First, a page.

Netflix's Hollywood: behind the glitz and glam

Gia Bao Huynh Tan
4 min readMay 2, 2020

Netflix's latest addition “Hollywood" by Ryan Murphy is the fantasy that we all need.

A stellar, good-looking young cast ensemble, glamorous and aesthetic set designs, and a story for the hidden voices are what made “Hollywood” a miniseries that you should binge this weekend.

Set in the post-WWII Tinseltown where every youngster’s dream might become true, as long as they know exactly how to realize it, Ryan Murphy and his team made the dark side of Hollywood appear under the spotlight. Using the same method with the Emmy-winning anthology “Feud: Bette and Joan”, released in 2017, there is a movie within a film (or nested movie) in “Hollywood” called “Meg”. It is a combination of Hollywood’s missed potential: young-and-fresh actors, a woman of color as lead, a gay screenwriter, and a female producer.

The young cast of “Hollywood"

For those who care about historical accuracy, as the series contains many real-life figures, forget about it! Ryan Murphy shifted the stories in his own way, fighting for equal rights in the movie industry, which was driven by whitewash media and heterosexism. “Hollywood” is about young people who have dreams to be in the movies but due to the competitiveness and sometimes, their own self-confidence, they cannot make it without concealing their own secrets behind the scenes. There’s Jack Castello, played by the James-Dean-nostalgic David Corenswet, a beautiful male lead with boring talent and experience, climbing his way to the top of the Hollywoodland to cater to his family. There are Archie Coleman (Jeremy Pope) and Rock Hudson (Jake Picking) — the interracial gay relationship that we usually see on screen, under the discrimination of the 1950s society, striving to get through and make their names be heard. There’s Camille Washington (played by the glamorous Laura Harrier), the only contracted black actress among an all-white female ensemble, waiting for her first leading role. And there’s Avis Amberg (Patti LuPone) — the luscious, daring woman who finds her calling is making motion pictures. The stories about the underdog are not a new topic on television, especially when Murphy and Ian Brennan have made the popular “Glee” or Netflix’s “The Politician” with the similar settings, however, the obvious misconceptions and disapprovals of the past-Hollywood depicted in the miniseries makes us think about America’s cinema industry today. Not much has been changed!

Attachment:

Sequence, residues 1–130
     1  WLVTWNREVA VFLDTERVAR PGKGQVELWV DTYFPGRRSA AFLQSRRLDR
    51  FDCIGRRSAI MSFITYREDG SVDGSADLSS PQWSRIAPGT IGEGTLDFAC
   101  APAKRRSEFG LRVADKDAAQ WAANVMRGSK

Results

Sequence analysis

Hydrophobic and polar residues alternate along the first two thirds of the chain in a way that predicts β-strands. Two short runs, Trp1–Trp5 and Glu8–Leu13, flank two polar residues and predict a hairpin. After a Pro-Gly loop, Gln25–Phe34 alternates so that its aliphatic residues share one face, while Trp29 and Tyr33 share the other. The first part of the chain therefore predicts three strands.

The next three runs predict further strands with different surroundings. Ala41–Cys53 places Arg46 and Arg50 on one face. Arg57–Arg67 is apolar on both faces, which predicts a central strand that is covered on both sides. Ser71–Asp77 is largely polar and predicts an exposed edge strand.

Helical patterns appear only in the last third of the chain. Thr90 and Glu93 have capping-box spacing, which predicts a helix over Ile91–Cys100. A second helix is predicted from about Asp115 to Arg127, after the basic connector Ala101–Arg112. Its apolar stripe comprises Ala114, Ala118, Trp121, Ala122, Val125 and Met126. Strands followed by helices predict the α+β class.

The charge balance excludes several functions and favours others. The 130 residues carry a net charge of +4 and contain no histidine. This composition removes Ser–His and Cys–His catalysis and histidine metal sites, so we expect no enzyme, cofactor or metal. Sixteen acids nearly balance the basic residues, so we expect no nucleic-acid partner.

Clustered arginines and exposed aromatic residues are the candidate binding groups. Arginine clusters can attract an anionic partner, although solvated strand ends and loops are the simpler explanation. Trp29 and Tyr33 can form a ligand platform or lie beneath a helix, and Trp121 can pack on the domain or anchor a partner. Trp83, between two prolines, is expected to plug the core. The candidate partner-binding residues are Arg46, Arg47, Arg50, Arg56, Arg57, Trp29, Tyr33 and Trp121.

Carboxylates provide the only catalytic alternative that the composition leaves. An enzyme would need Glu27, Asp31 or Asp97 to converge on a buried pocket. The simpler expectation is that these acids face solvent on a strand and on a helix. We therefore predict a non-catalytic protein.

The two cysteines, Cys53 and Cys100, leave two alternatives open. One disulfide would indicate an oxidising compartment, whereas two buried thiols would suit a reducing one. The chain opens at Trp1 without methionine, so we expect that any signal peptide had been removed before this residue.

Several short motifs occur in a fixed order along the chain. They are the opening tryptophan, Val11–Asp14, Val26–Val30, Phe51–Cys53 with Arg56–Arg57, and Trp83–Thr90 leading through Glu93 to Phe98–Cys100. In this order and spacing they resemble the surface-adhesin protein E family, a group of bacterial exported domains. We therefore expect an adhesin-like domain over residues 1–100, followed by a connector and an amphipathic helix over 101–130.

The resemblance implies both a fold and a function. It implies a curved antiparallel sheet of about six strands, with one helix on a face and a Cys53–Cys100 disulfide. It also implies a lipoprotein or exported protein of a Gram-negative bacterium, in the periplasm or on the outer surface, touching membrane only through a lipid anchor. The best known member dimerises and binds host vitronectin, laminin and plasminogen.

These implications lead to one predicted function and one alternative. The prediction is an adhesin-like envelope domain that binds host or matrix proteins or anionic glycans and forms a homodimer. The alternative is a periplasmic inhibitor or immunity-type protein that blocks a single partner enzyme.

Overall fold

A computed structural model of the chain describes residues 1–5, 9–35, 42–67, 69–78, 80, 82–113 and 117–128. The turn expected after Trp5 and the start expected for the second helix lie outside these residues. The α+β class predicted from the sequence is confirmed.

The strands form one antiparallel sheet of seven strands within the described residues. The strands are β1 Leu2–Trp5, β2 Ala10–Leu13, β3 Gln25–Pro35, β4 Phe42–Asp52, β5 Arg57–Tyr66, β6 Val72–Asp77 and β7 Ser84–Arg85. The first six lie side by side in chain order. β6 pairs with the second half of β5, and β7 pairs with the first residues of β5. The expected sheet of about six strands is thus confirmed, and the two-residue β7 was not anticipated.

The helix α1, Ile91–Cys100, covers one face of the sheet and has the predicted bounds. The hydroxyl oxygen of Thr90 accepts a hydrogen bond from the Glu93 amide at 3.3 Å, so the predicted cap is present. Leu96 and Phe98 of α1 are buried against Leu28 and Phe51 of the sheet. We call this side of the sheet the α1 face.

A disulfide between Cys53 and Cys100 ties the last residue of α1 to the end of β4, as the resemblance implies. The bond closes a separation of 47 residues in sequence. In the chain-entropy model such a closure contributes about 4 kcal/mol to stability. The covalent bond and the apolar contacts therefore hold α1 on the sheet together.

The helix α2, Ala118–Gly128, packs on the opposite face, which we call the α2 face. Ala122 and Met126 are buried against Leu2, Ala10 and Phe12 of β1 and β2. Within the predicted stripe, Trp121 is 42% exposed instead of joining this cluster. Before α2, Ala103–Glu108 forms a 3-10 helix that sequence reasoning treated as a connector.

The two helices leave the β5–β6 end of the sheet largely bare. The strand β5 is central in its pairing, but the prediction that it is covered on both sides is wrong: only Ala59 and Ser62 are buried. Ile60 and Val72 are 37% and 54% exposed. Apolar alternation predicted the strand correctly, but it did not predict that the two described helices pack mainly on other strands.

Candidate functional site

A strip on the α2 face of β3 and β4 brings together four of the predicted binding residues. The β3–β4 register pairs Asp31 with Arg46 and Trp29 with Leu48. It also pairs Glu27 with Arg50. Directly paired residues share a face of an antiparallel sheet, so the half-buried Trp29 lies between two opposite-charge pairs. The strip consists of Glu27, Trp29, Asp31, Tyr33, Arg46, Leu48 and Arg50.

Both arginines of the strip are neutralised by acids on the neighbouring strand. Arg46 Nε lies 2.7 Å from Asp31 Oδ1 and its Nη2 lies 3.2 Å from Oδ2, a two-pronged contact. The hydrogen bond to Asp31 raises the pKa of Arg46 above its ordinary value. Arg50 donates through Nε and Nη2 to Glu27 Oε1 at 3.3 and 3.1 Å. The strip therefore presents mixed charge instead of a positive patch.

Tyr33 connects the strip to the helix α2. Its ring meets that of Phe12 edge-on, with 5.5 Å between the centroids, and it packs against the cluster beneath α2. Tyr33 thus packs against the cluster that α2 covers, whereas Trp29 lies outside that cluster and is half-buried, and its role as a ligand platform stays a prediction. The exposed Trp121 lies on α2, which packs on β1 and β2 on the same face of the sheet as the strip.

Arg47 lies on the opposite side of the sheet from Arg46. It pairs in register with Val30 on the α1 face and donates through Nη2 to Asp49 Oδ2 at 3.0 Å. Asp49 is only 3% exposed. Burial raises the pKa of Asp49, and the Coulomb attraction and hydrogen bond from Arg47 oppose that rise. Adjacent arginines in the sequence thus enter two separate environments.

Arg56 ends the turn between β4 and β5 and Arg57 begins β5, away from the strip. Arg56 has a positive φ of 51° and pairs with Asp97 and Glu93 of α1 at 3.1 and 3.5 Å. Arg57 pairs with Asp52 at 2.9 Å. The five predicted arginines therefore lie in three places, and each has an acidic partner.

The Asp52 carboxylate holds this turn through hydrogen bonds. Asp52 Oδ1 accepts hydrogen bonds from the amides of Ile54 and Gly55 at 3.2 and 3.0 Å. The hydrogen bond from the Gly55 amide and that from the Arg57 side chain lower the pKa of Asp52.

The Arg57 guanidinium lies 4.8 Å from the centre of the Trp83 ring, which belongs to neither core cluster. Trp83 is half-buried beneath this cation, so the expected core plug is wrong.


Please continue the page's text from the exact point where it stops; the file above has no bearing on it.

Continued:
It is not incorrect to say that “Hollywood” is a fantasy, because everything you see in the series is good-feeling moments when the unknowns are trying to voice their abilities and dreams. Therefore, compared to the racial politics today, “Hollywood” fell flat, as the series is so much of a better world, a utopia that we can all think about, where the people of all races can be in charge, women are real leaders and the LGBTQ+ community is no longer having to hide in the closet. The sugary coating of “Hollywood” lies truths that are so bitter that we have to pretend that everything can be real someday.

“Hollywood” is a pleasing miniseries for a weekend binge. It is certainly not for everybody or we can call it “love-it-or-hate-it” but it is a dream that we can all expect. It is the ballad of the truth seekers, with tear-jerking moments and of course, “cringing” straight white stereotypes. The ensemble of the cast delivers good performances in this show, primarily Laura Harrier, the “BlacKkKlansman” actress with charismatic naturalism and stunning classic looks and the legendary Patti LuPone, making a comeback to television with as a diva, the real boss throughout the series. However, the most notable one must belong to Jim Parsons as he portrays the queer and abusive Hollywood agent, Henry Willson who is famous back then for taking advantage of homosexual young actors. Jim Parsons really brought one of Hollywood’s infamous villain to life from scene to scene with various characteristics, from hilarious to terrifying moments. It is definitely something that we have not seen from Jim Parsons before, as we are too familiar with him on “The Big Bang Theory”. The desire and willingness for new things like Jim Parsons and Ryan Murphy give the hope for us for their next collaboration in the future.

The Golden Age of Tinseltown in “Hollywood” is glamorous, bright, and full of wish-fulfilling. It gives us inspiration and confidence for the next era of Hollywood in which there is no exclusion. There might be a couple of unnecessary and messy details along the road, therefore, I would not say it’s Ryan Murphy’s step-back but in the end, we can still see his visions and his dreams about the future of cinema industry.

If you have not watched “Hollywood", give it a chance!